Charlie's dream always ends here, and so that holds true this time as well. Charlie comes to inside of S.T.A.R. labs where he is unsure of how or why he is there. Zod and his crew are exerting their mental hold over Charlie and guiding his hands "from beyond" as it were to build a new Phantom Zone projector to break them out. Meanwhile, Clark Kent overhears that Charlie was having a problem at work and was sent home. I guess they have a history and Superman is the one responsible for releasing Charlie(and Mon-El)from their exile. He goes to check on Charlie and catches him firing up the projector and is just a second too late to stop him. Zod and the others are released and Charlie and Superman are now stuck in the Phantom Zone!

Having next to no knowledge of any of these characters, I found myself enjoying this tale. Colan's layouts are dynamic and his storytelling is clear, but Zuniga's inks are a bit sketchy at times. Colan's work here isn't quite as dark as he is known for, which works out well for a story told in the Superman universe, granted a somewhat dark tale, but it's Superman nevertheless. The story itself is actually pretty neat the way it comes together. It has a Dickens/sci-fi/EC bend to it and not at all what one would think of when they think of a Superman story, especially from this period. I've not read a great deal of Gerber-penned stories(though I did enjoy his Omega: the Unknown series). Any ways, I am greatly looking forward to reading the next installment. This was a blind buy on eBay and for $6.00 for the run, I can tell already it was money well spent. Now, onto Nathaniel Dusk!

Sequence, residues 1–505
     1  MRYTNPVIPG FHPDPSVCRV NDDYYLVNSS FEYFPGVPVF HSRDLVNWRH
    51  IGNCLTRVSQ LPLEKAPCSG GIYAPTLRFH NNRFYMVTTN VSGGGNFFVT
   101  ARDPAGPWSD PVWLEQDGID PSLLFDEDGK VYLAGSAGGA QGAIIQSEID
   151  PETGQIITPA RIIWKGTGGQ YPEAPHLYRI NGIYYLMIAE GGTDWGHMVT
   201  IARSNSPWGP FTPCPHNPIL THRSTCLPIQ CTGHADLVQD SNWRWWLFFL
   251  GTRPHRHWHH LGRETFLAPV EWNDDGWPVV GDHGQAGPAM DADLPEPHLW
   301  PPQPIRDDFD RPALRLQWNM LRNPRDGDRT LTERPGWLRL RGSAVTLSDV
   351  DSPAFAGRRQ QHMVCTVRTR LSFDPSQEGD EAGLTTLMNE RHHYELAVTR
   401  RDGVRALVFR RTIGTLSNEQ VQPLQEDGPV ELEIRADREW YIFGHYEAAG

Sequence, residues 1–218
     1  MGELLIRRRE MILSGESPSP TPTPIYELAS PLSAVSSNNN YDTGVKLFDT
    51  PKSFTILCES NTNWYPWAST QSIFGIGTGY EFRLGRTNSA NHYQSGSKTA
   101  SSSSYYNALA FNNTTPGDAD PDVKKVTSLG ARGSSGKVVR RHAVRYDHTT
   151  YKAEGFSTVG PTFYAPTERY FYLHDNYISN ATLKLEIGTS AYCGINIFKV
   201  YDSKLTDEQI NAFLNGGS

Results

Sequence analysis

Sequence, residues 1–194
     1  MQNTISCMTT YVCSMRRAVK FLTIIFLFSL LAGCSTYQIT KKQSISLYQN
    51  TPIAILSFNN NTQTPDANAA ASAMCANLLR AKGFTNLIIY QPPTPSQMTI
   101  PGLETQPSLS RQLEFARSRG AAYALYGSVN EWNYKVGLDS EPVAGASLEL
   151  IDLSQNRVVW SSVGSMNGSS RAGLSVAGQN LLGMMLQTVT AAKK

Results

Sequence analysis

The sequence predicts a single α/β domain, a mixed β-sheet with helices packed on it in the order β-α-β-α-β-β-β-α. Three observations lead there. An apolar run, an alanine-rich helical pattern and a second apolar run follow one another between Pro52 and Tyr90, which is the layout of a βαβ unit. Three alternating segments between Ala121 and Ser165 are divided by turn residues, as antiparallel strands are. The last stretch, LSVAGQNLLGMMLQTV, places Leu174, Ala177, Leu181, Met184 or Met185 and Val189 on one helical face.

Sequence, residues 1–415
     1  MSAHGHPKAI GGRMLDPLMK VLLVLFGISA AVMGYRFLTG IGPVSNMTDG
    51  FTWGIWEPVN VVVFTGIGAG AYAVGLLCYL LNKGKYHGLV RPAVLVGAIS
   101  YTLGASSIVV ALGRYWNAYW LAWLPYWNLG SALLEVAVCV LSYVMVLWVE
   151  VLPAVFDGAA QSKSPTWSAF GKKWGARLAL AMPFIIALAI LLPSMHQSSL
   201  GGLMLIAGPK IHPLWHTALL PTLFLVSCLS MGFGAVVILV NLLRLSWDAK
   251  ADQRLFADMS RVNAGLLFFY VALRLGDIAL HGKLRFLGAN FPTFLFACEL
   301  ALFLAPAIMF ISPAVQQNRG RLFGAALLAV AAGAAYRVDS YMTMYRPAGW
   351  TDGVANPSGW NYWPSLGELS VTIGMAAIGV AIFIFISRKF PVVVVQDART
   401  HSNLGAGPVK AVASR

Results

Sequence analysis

Friday, October 15, 2010

Night Force #1: Colan and Wolfman Together Again!

Night Force #1

Written by Marv Wolfman

Illustrated by Gene Colan and Bob Smith

I know this came out at pretty much the tail end of the bronze age(1982), but it being the time of year for demons and other things that go bump in the night, I thought it would be good to use that as an excuse to read this recently acquired series.

So, in this inaugural issue featuring the reteaming of writer Marv Wolfman and artist extraordinaire Gene Colan several years after their stellar run on Marvel's Tomb of Dracula, we hit the ground running with all sorts of things going on. It feels a bit convoluted, but soon seemingly unrelated characters' stories intersect and things kinda sorta start to make sense.